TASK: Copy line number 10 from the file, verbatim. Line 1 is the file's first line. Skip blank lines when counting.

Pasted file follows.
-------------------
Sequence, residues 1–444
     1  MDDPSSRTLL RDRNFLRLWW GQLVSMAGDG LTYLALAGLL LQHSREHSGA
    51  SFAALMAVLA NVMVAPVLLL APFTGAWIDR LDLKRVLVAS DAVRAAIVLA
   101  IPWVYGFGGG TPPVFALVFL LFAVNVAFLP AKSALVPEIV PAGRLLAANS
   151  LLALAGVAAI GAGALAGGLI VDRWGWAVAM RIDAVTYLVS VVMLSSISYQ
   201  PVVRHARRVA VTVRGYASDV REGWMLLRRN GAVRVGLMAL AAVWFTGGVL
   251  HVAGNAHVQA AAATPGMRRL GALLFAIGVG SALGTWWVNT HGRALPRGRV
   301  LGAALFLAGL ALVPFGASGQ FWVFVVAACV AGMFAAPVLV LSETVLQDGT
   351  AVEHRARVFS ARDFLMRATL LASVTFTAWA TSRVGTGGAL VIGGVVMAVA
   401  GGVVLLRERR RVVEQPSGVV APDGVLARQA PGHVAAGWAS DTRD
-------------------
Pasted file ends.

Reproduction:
   401  GGVVLLRERR RVVEQPSGVV APDGVLARQA PGHVAAGWAS DTRD